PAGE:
Anna Whisenant will be doing something that hasn’t been done often, and not for many years.
On Aug. 23, Whisenant will be boarding a plane for Seoul, South Korea, to spend her junior year in Uiwang, a satellite city of South Korea’s capital.
Whisenant will attend school there to immerse herself in Korea’s culture and language, with the ultimate goal of coming home bilingual and bicultural. She will live with two or three host families during the year, who will mentor her and share their traditions.
Whisenant and her mother, Marie, had to dig around a bit to find this opportunity. Platteville High School had limited information on two programs, “one was quite costly and another whose website looked ‘sketchy,’” said Marie.
Marie was familiar with Rotary Youth Exchange. She contacted area Rotary clubs to see if she could find an area club interested in hosting Anna.
“The Mount Horeb Rotary Club welcomed her with open arms, and has been extremely supportive of Anna,” said Marie. “They’ve included her in Rotary meetings and programs, invited her to speak to the club about Korea, and even took up a collection for her to have some spending money on her journey.”
Anna’s eight months of preparation have included participation in several Rotary conferences with other area exchange students, where she met students from France, Germany, Slovakia, Chile, Brazil, Russia, Japan, Denmark, South Africa and other countries. She networked with other outbound students, “inbound” students — students from other countries currently spending their year in the U.S. — and “rebound” students, who have recently returned to the U.S. after their year abroad.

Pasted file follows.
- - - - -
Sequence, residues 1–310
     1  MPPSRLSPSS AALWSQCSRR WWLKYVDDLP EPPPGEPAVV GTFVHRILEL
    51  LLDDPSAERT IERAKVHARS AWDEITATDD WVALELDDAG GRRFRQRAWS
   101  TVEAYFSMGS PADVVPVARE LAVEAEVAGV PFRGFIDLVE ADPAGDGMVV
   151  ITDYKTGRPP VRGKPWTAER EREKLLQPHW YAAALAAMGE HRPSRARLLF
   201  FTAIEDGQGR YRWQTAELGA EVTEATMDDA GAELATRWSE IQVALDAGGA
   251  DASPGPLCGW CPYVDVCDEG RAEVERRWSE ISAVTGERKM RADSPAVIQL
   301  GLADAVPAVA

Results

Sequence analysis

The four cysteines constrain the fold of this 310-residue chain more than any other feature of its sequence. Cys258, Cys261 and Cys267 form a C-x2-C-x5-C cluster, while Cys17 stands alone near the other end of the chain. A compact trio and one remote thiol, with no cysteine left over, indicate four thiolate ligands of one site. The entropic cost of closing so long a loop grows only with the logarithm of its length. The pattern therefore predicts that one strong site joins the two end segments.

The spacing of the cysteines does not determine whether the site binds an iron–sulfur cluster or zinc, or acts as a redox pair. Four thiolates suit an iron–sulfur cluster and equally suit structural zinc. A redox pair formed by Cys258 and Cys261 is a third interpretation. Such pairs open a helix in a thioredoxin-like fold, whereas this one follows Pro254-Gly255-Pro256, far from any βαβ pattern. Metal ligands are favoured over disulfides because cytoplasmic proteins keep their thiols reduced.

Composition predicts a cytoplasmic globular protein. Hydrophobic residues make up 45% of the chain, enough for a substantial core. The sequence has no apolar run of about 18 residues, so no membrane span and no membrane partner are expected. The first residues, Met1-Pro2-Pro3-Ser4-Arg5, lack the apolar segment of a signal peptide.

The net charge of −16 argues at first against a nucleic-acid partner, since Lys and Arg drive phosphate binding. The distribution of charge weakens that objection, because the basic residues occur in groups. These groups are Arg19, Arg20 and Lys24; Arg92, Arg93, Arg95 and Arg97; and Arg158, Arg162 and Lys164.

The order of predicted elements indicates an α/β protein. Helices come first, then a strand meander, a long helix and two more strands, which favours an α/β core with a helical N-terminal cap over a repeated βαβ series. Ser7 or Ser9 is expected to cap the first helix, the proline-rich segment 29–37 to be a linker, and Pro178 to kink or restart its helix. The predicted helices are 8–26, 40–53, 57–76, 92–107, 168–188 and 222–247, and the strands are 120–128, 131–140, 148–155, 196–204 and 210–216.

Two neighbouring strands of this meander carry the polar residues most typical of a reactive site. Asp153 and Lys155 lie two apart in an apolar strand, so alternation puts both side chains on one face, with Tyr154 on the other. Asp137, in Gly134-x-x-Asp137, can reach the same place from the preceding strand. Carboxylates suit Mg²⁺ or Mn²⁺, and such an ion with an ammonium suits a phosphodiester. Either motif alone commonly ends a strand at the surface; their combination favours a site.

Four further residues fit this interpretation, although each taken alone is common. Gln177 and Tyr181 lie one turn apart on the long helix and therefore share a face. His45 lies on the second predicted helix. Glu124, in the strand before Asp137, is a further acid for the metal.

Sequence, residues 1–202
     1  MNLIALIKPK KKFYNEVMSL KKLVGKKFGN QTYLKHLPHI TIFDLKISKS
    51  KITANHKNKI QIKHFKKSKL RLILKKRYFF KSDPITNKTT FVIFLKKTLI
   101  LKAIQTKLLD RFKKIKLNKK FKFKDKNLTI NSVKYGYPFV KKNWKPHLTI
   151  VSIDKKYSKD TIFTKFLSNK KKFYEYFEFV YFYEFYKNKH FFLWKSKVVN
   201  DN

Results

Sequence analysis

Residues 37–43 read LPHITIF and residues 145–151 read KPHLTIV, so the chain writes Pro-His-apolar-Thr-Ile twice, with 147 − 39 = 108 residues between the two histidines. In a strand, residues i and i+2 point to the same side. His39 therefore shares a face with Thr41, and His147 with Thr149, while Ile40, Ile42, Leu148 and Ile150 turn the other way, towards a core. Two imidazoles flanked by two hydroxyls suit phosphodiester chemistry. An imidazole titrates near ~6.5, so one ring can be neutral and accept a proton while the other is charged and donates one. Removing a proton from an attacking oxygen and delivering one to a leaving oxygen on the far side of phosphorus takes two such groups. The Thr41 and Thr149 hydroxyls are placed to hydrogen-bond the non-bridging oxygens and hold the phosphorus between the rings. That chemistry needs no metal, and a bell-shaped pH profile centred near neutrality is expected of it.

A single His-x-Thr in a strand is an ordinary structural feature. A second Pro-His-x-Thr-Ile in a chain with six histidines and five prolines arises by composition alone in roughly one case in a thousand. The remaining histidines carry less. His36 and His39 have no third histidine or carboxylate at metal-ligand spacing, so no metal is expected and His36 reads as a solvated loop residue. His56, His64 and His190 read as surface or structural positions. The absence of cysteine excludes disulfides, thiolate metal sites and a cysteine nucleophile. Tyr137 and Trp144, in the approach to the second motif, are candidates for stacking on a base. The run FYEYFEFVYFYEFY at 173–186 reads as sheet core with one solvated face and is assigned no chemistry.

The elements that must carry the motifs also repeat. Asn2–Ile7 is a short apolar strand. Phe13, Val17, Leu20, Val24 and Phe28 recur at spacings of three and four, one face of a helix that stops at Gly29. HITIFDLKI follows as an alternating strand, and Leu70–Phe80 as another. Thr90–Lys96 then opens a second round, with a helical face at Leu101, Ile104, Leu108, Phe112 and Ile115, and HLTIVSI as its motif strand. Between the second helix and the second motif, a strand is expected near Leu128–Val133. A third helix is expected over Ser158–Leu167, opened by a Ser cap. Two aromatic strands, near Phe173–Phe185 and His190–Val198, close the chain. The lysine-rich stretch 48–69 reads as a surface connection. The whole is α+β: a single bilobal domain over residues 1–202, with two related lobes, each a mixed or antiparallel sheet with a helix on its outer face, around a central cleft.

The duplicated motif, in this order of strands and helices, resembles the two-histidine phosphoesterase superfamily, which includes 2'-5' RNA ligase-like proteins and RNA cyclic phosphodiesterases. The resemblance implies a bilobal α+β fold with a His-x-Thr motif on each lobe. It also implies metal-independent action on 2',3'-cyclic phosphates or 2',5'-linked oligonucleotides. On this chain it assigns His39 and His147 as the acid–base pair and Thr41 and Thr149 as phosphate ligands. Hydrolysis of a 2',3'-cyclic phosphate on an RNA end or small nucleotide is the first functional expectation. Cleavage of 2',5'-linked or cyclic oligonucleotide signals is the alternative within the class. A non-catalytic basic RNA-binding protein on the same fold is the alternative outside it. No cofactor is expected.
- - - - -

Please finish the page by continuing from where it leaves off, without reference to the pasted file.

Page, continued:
Anna has learned about culture shock and “reverse culture shock,” which a student typically experiences as they try to reorient themselves to their home country after a year of language and culture immersion in another country. She’s heard from rebounds about everything from how to deal with a challenging host family situation to how to manage money overseas. She’s picked up tips on learning the Korean language and what to pack (and not to pack!) for her year-long journey.
Anna has also learned about Rotary International’s motto of “Service Beyond Self.” As a non-profit service organization, Rotary exposes students to a culture and tradition of community service. One of the goals of Rotary Youth Exchange is to promote the advancement of international understanding, goodwill and peace at the person to person level. Youth Exchange is for those who want to make a difference in their world.
“My husband, Brian, and I have thoroughly enjoyed their involvement thus far with Rotary Youth Exchange, particularly meeting other exchange families and Rotarians involved with the program,” said Marie. She plans to work with current area Rotarians to re-establish a Rotary club in Platteville, and hopefully bring the Rotary Youth Exchange program to town.
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